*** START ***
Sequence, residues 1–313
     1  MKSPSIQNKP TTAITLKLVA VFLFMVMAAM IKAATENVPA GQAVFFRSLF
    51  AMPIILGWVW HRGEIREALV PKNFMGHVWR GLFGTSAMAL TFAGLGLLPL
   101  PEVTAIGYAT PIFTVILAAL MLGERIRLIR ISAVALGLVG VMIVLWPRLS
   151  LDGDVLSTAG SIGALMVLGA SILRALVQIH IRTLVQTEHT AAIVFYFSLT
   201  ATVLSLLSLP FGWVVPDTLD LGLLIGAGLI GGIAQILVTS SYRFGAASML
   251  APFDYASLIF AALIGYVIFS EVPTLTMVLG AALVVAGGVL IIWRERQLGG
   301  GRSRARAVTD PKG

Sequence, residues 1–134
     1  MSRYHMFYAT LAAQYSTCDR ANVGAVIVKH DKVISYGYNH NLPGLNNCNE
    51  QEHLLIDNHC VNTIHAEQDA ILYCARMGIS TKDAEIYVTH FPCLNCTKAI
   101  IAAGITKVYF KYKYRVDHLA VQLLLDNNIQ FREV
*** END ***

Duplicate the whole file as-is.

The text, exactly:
Sequence, residues 1–313
     1  MKSPSIQNKP TTAITLKLVA VFLFMVMAAM IKAATENVPA GQAVFFRSLF
    51  AMPIILGWVW HRGEIREALV PKNFMGHVWR GLFGTSAMAL TFAGLGLLPL
   101  PEVTAIGYAT PIFTVILAAL MLGERIRLIR ISAVALGLVG VMIVLWPRLS
   151  LDGDVLSTAG SIGALMVLGA SILRALVQIH IRTLVQTEHT AAIVFYFSLT
   201  ATVLSLLSLP FGWVVPDTLD LGLLIGAGLI GGIAQILVTS SYRFGAASML
   251  APFDYASLIF AALIGYVIFS EVPTLTMVLG AALVVAGGVL IIWRERQLGG
   301  GRSRARAVTD PKG

Sequence, residues 1–134
     1  MSRYHMFYAT LAAQYSTCDR ANVGAVIVKH DKVISYGYNH NLPGLNNCNE
    51  QEHLLIDNHC VNTIHAEQDA ILYCARMGIS TKDAEIYVTH FPCLNCTKAI
   101  IAAGITKVYF KYKYRVDHLA VQLLLDNNIQ FREV